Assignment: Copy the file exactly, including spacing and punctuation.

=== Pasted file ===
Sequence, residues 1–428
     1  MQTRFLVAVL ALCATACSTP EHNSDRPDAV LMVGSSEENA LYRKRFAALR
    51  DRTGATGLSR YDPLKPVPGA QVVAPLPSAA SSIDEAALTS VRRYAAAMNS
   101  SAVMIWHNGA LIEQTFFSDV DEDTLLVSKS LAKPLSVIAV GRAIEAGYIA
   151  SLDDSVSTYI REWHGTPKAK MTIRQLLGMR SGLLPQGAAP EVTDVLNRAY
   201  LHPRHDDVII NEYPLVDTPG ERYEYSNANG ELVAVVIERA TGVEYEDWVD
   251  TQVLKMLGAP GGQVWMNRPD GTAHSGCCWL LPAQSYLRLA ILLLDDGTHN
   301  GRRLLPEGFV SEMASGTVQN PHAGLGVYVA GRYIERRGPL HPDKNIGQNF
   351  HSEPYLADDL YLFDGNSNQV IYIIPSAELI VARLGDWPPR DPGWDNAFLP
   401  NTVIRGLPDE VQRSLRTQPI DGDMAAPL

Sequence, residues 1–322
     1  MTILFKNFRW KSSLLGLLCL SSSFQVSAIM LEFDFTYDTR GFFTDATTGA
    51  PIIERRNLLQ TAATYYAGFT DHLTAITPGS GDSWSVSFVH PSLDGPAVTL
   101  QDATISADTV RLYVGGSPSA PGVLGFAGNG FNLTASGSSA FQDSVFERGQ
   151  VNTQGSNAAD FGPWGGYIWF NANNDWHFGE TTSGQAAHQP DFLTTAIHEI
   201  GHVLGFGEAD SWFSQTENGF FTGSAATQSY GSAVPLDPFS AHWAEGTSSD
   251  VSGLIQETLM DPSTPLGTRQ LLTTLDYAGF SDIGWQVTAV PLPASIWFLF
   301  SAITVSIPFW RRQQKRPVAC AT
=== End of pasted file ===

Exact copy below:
Sequence, residues 1–428
     1  MQTRFLVAVL ALCATACSTP EHNSDRPDAV LMVGSSEENA LYRKRFAALR
    51  DRTGATGLSR YDPLKPVPGA QVVAPLPSAA SSIDEAALTS VRRYAAAMNS
   101  SAVMIWHNGA LIEQTFFSDV DEDTLLVSKS LAKPLSVIAV GRAIEAGYIA
   151  SLDDSVSTYI REWHGTPKAK MTIRQLLGMR SGLLPQGAAP EVTDVLNRAY
   201  LHPRHDDVII NEYPLVDTPG ERYEYSNANG ELVAVVIERA TGVEYEDWVD
   251  TQVLKMLGAP GGQVWMNRPD GTAHSGCCWL LPAQSYLRLA ILLLDDGTHN
   301  GRRLLPEGFV SEMASGTVQN PHAGLGVYVA GRYIERRGPL HPDKNIGQNF
   351  HSEPYLADDL YLFDGNSNQV IYIIPSAELI VARLGDWPPR DPGWDNAFLP
   401  NTVIRGLPDE VQRSLRTQPI DGDMAAPL

Sequence, residues 1–322
     1  MTILFKNFRW KSSLLGLLCL SSSFQVSAIM LEFDFTYDTR GFFTDATTGA
    51  PIIERRNLLQ TAATYYAGFT DHLTAITPGS GDSWSVSFVH PSLDGPAVTL
   101  QDATISADTV RLYVGGSPSA PGVLGFAGNG FNLTASGSSA FQDSVFERGQ
   151  VNTQGSNAAD FGPWGGYIWF NANNDWHFGE TTSGQAAHQP DFLTTAIHEI
   201  GHVLGFGEAD SWFSQTENGF FTGSAATQSY GSAVPLDPFS AHWAEGTSSD
   251  VSGLIQETLM DPSTPLGTRQ LLTTLDYAGF SDIGWQVTAV PLPASIWFLF
   301  SAITVSIPFW RRQQKRPVAC AT